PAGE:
Indiana University SPEA Edward J. Bloustein School of Planning and Public Policy University of Pennsylvania AIR American University

Poster Paper: The Effect of Health Insurance Coverage on Medical Care Utilization and Health Outcomes: Evidence from Medicaid Adult Vision Benefits

Thursday, November 12, 2015
Riverfront South/Central (Hyatt Regency Miami)

*Names in bold indicate Presenter

Brandy J Lipton, Social and Scientific Systems and Sandra Decker, Agency for Healthcare Research and Quality
Increasing the proportion of adults that have regular, comprehensive eye exams and reducing visual impairment due to uncorrected refractive error and other common eye health problems are federal health objectives. Many eye health problems are preventable and treatable, but also unlikely to exhibit apparent symptoms at an early stage, underscoring the potential benefit of preventive screening. Though low income individuals are least likely to visit an eye doctor regularly, Medicaid vision coverage is optional. While most states cover emergency eye care and treatment of medical eye problems, some states do not provide preventive eye care services such as routine exams and eyeglasses for correction of refractive error to adult Medicaid beneficiaries. For example, 28 states provided coverage of eyeglasses for correction of refractive error to adult Medicaid beneficiaries in FY 2013.

Providing a Medicaid adult vision benefit may encourage use of eye care services by reducing the out-of-pocket cost paid by the beneficiary. We examined the effect of insurance coverage of vision care on eye care utilization and vision health outcomes using 2002-2013 data from the National Health Interview Survey (NHIS). State coverage policies during this period were collected through internet search and contact with state health departments. Our main analysis involved a difference-in-difference-in-difference approach, which used variation in the timing of changes in vision coverage policy and a within-state control group of low income adults not enrolled in Medicaid to identify the effect of vision coverage policies on outcomes.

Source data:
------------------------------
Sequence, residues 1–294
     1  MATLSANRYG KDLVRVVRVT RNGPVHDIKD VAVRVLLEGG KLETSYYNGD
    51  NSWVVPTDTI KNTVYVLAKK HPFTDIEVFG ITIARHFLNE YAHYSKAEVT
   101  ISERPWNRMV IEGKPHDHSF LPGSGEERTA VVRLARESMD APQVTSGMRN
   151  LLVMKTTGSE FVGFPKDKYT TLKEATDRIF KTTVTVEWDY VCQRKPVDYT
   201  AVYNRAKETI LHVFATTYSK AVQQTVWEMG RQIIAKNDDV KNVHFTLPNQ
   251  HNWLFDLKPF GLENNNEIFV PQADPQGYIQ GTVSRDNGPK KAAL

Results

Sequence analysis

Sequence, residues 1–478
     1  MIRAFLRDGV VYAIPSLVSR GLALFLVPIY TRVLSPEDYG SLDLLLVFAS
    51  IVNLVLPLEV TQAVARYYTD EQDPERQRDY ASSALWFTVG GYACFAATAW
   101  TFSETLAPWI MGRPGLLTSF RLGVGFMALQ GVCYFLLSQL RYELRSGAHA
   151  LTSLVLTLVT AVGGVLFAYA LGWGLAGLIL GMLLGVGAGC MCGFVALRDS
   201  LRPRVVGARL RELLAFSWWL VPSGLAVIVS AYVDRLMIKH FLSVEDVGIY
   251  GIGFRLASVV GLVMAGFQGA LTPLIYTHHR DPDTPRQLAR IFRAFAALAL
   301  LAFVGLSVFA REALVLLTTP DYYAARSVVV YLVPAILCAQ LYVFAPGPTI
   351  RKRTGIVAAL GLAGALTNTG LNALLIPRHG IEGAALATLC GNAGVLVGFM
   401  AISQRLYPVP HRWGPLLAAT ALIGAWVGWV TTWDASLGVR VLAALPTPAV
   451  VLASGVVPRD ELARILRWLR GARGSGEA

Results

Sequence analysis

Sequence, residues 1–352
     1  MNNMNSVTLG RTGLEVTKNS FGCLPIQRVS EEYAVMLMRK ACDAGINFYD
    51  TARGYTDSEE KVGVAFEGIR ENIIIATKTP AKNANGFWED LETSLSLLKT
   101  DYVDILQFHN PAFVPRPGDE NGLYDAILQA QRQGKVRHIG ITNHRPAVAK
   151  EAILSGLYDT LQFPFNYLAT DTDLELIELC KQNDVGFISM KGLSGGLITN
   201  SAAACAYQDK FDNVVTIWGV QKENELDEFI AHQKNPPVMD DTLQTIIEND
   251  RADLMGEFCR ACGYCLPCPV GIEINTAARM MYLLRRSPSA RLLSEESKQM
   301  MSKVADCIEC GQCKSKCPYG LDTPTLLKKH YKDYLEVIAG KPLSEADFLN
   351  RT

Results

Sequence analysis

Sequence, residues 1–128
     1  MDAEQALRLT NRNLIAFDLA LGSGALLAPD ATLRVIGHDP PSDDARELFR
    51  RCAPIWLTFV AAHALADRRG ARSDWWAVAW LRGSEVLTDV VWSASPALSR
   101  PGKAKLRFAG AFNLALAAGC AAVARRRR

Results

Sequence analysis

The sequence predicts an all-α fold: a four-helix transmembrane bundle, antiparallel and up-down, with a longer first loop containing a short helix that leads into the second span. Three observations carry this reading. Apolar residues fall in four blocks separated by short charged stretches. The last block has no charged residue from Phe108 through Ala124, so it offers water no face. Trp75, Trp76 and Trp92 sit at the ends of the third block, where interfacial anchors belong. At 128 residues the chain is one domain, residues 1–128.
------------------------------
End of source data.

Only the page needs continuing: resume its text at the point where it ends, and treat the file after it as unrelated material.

This study adds to the relatively sparse literature on the effects of Medicaid coverage among adults. Furthermore, according to preliminary estimates from the Centers for Medicare and Medicaid Services, enrollment in Medicaid and the Children’s Health Insurance Program increased by 7.5 million individuals between September 2013 and August 2014 in the 27 states that expanded their Medicaid programs to cover more low income adults. Some states that have opted to expand their Medicaid programs also offer adult vision benefits to the expansion population. Therefore, understanding the effect of vision coverage on use of eye care among the Medicaid population is of interest.

Our findings imply that vision coverage is associated with a more than four percentage point increase (p<0.01) in the likelihood of a yearly eye care visit, a reduction of about five percentage points (p<0.05) in the likelihood of needing but not purchasing vision correction in the past year due to cost, and a reduction of about two percentage points (p<0.05) in the likelihood of difficulty seeing with usual vision correction. These estimated effects represent changes of 16, 29, and 10 percent relative to their respective means for Medicaid beneficiaries without vision benefits.